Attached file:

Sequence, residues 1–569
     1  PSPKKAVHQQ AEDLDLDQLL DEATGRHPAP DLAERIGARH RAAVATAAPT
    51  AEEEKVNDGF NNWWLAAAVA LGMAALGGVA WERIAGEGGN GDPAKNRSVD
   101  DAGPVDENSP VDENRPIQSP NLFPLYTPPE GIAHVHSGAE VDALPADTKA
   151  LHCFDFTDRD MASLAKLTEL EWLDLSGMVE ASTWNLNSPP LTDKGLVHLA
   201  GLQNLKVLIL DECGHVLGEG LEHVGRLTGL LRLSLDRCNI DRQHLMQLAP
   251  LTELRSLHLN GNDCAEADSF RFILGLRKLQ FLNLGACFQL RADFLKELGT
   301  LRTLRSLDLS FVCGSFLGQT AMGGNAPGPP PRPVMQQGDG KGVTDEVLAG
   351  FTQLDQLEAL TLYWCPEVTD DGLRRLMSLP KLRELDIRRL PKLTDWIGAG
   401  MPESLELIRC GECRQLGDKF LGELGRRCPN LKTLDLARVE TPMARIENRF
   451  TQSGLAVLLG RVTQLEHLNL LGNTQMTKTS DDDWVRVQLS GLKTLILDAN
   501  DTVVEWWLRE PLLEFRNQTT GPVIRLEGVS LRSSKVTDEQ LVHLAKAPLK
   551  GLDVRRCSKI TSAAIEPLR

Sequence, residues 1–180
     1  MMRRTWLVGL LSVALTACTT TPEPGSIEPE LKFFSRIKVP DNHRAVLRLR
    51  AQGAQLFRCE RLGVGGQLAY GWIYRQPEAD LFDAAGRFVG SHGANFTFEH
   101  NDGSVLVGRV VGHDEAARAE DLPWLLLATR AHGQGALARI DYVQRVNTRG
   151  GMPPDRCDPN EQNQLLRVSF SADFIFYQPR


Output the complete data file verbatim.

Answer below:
Sequence, residues 1–569
     1  PSPKKAVHQQ AEDLDLDQLL DEATGRHPAP DLAERIGARH RAAVATAAPT
    51  AEEEKVNDGF NNWWLAAAVA LGMAALGGVA WERIAGEGGN GDPAKNRSVD
   101  DAGPVDENSP VDENRPIQSP NLFPLYTPPE GIAHVHSGAE VDALPADTKA
   151  LHCFDFTDRD MASLAKLTEL EWLDLSGMVE ASTWNLNSPP LTDKGLVHLA
   201  GLQNLKVLIL DECGHVLGEG LEHVGRLTGL LRLSLDRCNI DRQHLMQLAP
   251  LTELRSLHLN GNDCAEADSF RFILGLRKLQ FLNLGACFQL RADFLKELGT
   301  LRTLRSLDLS FVCGSFLGQT AMGGNAPGPP PRPVMQQGDG KGVTDEVLAG
   351  FTQLDQLEAL TLYWCPEVTD DGLRRLMSLP KLRELDIRRL PKLTDWIGAG
   401  MPESLELIRC GECRQLGDKF LGELGRRCPN LKTLDLARVE TPMARIENRF
   451  TQSGLAVLLG RVTQLEHLNL LGNTQMTKTS DDDWVRVQLS GLKTLILDAN
   501  DTVVEWWLRE PLLEFRNQTT GPVIRLEGVS LRSSKVTDEQ LVHLAKAPLK
   551  GLDVRRCSKI TSAAIEPLR

Sequence, residues 1–180
     1  MMRRTWLVGL LSVALTACTT TPEPGSIEPE LKFFSRIKVP DNHRAVLRLR
    51  AQGAQLFRCE RLGVGGQLAY GWIYRQPEAD LFDAAGRFVG SHGANFTFEH
   101  NDGSVLVGRV VGHDEAARAE DLPWLLLATR AHGQGALARI DYVQRVNTRG
   151  GMPPDRCDPN EQNQLLRVSF SADFIFYQPR